Pete Rock is widely regarded as one of hip-hop’s best producers ever. Mostly known for his stellar albums with C.L. Smooth, 1992’s “Mecca and the Soul Brother” (which featured the classic “They Reminisce Over You”) and 1994’s “Main Ingredient,” him and C.L. went their separate ways after 1994’s album. Rock continued to make waves producing though; he released his incredible solo debut “Soul Survivor” in 1998 under Loud Records, the incredible “Petestrumentals” album under new label BBE in 2001, and managed to contribute his jazzy, soulful offerings to hip-hop staples like Nas, Busta Rhymes, and Common along the way.
This year Rock returns with “Soul Survivor II,” a sequel to his first solo album under the label BBE (Barely Breaking Even), the same label that housed other stellar producer albums like DJ Jazzy Jeff’s “The Magnificent” LP and Jay Dee’s “Welcome 2 Detroit.” Does Rock have what it takes to carry on BBE’s tradition of releasing hot producer albums, and better yet, does he have what it takes to carry on his own legacy?
Rock lets us know that he hasn’t lost a step as far as beats go, displaying an uncanny ability of picking the perfect artist for nearly each song on the disc. Rock’s rebellious guitar riffs and dramatic horns are the perfect forum for spoken word poet Black Ice’s “Truth Is” rant against the system, and his sparse piano backdrop seamlessly meshes with Krumb Snatcha’s definition of “Beef.” His dramatic comic book sounds provide plenty of room for RZA and GZA to spit their blurbables on “Head Rush,” and he gives Leela James just the amount of fluffy, light-hearted pianos she needs to make “No Tears” a radio-accessible R&B hit.
The heat doesn’t stop there though. The laid-back groove of “Give it 2 Ya” with Little Brother sets the perfect milieu for a relaxing Sunday afternoon, the triumphant horns and head-nodding bass of Slum Village’s “Da Villa” may get heads anticipating the impending release of the group’s Detroit Deli album, and the futuristic minimalist production on “Fly Till I Die” gives our favorite OkayPlayer Talib Kweli a playground of horns, piano keys and drums to drop lyrical bombs in. Rock supplies a banger for Pharaohe Monch to spew his slippery, sophisticated flow on “Just Do It,” and even hops on the mic with M1 and stic.man of dead prez for the intense mutiny of “Warzone.” One of the album’s gems, “One Mic One DJ,” features Rock employing pugnacious screams reminiscent of Jay-Z’s “Takeover” and ridiculously ill drums and cymbals for VA wordsmith Skillz to spit incredible bars, making underground heads all over wonder when he’ll actually release an album:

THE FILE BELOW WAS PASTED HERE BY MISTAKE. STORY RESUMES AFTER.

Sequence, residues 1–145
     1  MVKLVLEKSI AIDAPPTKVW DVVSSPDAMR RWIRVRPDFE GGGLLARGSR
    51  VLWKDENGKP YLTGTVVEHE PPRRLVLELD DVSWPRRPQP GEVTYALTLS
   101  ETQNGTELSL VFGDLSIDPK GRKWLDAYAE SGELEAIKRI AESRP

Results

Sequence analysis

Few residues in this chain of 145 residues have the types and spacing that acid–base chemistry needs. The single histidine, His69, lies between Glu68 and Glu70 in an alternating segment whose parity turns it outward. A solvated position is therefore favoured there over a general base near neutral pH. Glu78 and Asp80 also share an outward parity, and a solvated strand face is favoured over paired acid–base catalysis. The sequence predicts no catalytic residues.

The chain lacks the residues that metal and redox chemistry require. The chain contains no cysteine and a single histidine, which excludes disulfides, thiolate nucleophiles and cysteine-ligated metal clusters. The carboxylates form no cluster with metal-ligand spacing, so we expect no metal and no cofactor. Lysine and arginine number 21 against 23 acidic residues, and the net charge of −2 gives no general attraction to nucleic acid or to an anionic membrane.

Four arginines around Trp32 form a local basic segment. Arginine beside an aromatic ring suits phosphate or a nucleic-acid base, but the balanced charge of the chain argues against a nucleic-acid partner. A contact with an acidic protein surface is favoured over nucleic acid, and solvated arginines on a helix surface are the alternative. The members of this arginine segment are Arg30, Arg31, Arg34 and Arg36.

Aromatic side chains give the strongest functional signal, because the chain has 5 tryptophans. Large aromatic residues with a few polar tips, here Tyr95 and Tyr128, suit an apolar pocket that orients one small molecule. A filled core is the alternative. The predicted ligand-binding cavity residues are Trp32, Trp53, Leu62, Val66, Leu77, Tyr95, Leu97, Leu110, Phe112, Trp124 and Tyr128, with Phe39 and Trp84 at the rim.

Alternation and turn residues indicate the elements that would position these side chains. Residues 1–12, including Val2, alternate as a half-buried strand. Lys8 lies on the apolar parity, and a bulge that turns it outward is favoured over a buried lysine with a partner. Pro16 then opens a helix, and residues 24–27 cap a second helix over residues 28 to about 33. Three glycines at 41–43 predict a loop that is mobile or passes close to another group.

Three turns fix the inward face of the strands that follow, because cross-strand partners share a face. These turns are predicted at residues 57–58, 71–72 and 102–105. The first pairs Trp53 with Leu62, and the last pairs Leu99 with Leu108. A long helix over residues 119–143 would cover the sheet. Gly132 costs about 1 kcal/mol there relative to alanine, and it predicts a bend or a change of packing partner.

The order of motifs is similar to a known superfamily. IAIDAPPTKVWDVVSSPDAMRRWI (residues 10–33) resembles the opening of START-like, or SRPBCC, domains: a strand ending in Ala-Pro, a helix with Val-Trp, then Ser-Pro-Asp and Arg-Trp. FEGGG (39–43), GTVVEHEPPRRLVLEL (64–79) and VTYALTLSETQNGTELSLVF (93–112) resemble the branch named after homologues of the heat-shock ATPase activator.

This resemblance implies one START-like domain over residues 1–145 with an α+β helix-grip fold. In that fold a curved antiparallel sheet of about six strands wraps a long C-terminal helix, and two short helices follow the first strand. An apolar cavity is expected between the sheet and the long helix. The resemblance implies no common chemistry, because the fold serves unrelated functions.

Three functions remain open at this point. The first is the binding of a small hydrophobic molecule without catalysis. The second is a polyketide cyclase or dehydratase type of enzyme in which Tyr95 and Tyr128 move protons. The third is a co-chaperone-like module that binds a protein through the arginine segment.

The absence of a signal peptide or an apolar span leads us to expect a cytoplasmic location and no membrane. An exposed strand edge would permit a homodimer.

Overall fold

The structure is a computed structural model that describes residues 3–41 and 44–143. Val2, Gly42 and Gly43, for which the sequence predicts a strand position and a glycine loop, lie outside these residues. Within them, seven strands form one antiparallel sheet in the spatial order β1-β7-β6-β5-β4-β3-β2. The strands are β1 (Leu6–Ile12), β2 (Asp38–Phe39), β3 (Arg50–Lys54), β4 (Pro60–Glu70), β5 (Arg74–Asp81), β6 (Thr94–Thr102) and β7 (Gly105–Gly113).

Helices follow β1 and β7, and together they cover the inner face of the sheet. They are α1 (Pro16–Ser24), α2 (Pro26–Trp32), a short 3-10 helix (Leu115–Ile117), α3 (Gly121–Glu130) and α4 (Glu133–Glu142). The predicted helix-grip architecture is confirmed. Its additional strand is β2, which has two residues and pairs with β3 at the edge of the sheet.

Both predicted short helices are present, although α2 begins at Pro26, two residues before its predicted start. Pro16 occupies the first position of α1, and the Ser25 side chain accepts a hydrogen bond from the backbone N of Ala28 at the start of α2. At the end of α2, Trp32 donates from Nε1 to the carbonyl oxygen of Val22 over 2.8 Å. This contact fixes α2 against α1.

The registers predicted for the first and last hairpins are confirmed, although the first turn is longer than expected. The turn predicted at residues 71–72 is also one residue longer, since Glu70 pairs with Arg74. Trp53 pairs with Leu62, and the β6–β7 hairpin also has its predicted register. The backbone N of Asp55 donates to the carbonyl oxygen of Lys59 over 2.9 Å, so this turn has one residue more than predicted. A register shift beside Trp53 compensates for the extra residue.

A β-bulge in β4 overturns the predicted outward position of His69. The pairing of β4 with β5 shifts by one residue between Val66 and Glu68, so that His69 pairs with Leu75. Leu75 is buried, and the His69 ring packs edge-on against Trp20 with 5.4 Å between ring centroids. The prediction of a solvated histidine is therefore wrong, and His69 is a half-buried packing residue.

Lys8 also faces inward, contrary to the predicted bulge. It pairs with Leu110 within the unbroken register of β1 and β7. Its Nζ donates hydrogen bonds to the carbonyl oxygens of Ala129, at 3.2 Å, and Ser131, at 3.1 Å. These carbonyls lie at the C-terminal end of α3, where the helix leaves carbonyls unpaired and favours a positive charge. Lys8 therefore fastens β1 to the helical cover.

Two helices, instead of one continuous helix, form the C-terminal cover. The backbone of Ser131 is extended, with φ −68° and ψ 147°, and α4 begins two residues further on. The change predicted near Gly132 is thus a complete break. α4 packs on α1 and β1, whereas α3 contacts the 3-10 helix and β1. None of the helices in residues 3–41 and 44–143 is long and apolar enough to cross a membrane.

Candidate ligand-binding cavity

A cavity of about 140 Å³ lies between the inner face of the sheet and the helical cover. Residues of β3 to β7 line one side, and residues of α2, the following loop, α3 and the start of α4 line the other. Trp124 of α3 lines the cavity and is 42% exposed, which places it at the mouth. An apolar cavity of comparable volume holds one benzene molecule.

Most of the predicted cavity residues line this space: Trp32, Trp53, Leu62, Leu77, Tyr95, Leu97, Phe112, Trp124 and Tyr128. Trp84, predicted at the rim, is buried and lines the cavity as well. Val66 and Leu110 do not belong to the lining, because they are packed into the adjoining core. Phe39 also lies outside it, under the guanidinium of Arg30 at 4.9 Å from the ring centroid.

“They say I’m too cocky when I’m rappin
I say that I say what I say just so I can see their reaction
And my response when they askin
‘shut the fuck up nigga, I wrote yo’ record
that’s the reason you braggin
y’all dudes not thugs
you 8-deep in a coupe
that’s not gangsta, that’s a moving group hug
I cannot be seen
I got a team that’ll spit bars
And leave scars on ya pop screen”
The few missteps on “Soul Survivor II” occur when the MCs can’t measure up to Pete’s dynamic production. The usually on-point Kardinal Offishall doesn’t spit lyrics worthy to Pete’s funky offerings on “We Good,” and the overly ambitious “It’s the Postaboy” shows that the battle emcee of 106 & Park fame simply doesn’t have the charisma to hang with Rock. Despite these lackluster offerings, both of Rock’s reunion tracks with C.L. Smoothâ€””It’s A Love Thing” and “Appreciation”â€”easily make up for it. The former is a silky ode to a current fling, and the duo uses the album-concluding “Appreciation” to thank all of the fans that have been supportive ever since 1991’s “All Souled Out” EP.
With a variety of different artists but a cohesiveness that ties each of the songs together, this album is a surprisingly complete effort from Soul Brother #1. If this album is any indication, it seems like Pete Rock will be the Soul Survivor after all.